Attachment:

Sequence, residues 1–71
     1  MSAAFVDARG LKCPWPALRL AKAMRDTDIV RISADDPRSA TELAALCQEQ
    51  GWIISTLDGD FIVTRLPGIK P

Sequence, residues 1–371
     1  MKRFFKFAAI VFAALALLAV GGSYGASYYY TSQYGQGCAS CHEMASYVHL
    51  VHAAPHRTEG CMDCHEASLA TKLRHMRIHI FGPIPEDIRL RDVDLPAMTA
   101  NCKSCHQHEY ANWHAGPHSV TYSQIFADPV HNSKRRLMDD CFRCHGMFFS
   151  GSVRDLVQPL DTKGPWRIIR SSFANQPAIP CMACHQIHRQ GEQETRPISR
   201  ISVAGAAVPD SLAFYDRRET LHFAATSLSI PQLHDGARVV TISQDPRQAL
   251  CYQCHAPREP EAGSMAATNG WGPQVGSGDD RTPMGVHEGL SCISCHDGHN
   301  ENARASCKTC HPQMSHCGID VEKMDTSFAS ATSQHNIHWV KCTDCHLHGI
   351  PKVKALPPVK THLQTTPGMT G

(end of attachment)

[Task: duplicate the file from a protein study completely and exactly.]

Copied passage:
Sequence, residues 1–71
     1  MSAAFVDARG LKCPWPALRL AKAMRDTDIV RISADDPRSA TELAALCQEQ
    51  GWIISTLDGD FIVTRLPGIK P

Sequence, residues 1–371
     1  MKRFFKFAAI VFAALALLAV GGSYGASYYY TSQYGQGCAS CHEMASYVHL
    51  VHAAPHRTEG CMDCHEASLA TKLRHMRIHI FGPIPEDIRL RDVDLPAMTA
   101  NCKSCHQHEY ANWHAGPHSV TYSQIFADPV HNSKRRLMDD CFRCHGMFFS
   151  GSVRDLVQPL DTKGPWRIIR SSFANQPAIP CMACHQIHRQ GEQETRPISR
   201  ISVAGAAVPD SLAFYDRRET LHFAATSLSI PQLHDGARVV TISQDPRQAL
   251  CYQCHAPREP EAGSMAATNG WGPQVGSGDD RTPMGVHEGL SCISCHDGHN
   301  ENARASCKTC HPQMSHCGID VEKMDTSFAS ATSQHNIHWV KCTDCHLHGI
   351  PKVKALPPVK THLQTTPGMT G